For me personally, I need a combination. I need a vinyasa flow or a power flow to get my energy moving. But I also need yin… I need restorative, slow practices. I am very breath-focused. So if you practice next to me in a class I will sound like the Darth Vader next to you. You will know I am there. 

Having been raised in Cayman, what about this island have you come to love most? What makes you most proud about being Caymanian?

One would be the physical place — the landscape. I love how beautiful it is…the birds, the iron shore, the sand, how different Northside is from West Bay. And then the history…The sand front yards and the conch shells that line the driveways. I love this culture of small family living and people being so connected to the ocean and so connected to each other. I love having these traditions of making up songs and taking care of each other.

“Even if they didn’t always have the words, they always really wanted to take care of everyone. That sense of community, that’s what I love so much about Cayman.”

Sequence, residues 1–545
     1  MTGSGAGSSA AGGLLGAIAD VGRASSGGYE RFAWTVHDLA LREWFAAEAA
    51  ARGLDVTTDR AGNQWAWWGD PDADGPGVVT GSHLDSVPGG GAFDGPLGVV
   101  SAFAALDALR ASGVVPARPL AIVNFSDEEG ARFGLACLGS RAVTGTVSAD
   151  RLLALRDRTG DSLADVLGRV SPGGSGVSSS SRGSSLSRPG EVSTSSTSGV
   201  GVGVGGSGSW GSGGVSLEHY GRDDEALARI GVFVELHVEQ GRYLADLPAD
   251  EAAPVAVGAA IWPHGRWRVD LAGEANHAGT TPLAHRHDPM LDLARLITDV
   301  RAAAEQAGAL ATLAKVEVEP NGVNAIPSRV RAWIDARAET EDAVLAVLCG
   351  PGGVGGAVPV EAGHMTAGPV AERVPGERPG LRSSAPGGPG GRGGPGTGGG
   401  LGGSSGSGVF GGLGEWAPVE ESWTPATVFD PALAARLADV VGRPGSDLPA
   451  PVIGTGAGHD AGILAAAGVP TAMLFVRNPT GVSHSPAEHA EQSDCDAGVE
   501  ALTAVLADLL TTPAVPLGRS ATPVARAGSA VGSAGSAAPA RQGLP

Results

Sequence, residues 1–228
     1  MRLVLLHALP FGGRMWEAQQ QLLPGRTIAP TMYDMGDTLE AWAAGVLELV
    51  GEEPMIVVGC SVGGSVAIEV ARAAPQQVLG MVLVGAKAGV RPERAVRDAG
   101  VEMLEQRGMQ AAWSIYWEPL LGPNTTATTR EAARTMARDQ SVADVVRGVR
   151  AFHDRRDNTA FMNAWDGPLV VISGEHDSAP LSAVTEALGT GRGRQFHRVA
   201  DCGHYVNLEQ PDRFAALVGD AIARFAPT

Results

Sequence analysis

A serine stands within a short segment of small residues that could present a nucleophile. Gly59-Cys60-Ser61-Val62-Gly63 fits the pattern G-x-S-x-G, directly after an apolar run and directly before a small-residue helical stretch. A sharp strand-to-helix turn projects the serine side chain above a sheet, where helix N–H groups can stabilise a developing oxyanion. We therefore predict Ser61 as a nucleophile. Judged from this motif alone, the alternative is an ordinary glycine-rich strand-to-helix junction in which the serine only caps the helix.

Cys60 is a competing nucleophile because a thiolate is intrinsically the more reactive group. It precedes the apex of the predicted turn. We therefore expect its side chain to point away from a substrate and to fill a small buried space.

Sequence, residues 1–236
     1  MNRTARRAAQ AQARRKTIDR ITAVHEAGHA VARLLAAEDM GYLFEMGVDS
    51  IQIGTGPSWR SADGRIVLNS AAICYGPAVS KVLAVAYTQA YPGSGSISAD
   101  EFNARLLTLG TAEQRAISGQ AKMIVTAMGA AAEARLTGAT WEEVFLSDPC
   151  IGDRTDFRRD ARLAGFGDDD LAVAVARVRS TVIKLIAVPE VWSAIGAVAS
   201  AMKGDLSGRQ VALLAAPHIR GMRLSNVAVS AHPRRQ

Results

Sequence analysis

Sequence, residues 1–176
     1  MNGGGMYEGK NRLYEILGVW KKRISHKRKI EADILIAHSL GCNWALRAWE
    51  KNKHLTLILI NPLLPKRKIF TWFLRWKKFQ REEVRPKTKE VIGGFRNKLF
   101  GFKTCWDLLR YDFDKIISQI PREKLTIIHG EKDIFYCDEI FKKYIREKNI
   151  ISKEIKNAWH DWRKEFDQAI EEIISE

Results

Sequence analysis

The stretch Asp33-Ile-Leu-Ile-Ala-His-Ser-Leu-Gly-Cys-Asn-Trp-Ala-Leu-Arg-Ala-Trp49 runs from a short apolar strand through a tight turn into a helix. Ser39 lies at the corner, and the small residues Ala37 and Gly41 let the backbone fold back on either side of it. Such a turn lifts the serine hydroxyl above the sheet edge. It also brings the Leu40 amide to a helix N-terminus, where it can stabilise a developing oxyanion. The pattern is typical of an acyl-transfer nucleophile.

My grandmother and great grandmother…they were poor black women, they didn’t have any education. They raised my mother on their own. But they still told her, “Anne, go to the big school.” That was their way of saying go to university. Go before you get married. Make sure you can take care of yourself. They were two unmarried women who would die spinsters with no property other than their shop and their home. And even in the shop my grandmother was giving away things all the time. She had lists full of things that she gave away that people owed her money for. And that is what she was known for — being a very kind woman. There was so much love for each other  Even if they didn’t always have the words, they always really wanted to take care of everyone. That sense of community, that’s what I love so much about Cayman. We might not always say it the right way. It may not always come out in the right tone. But there is really a sense of “we have each other’s back.”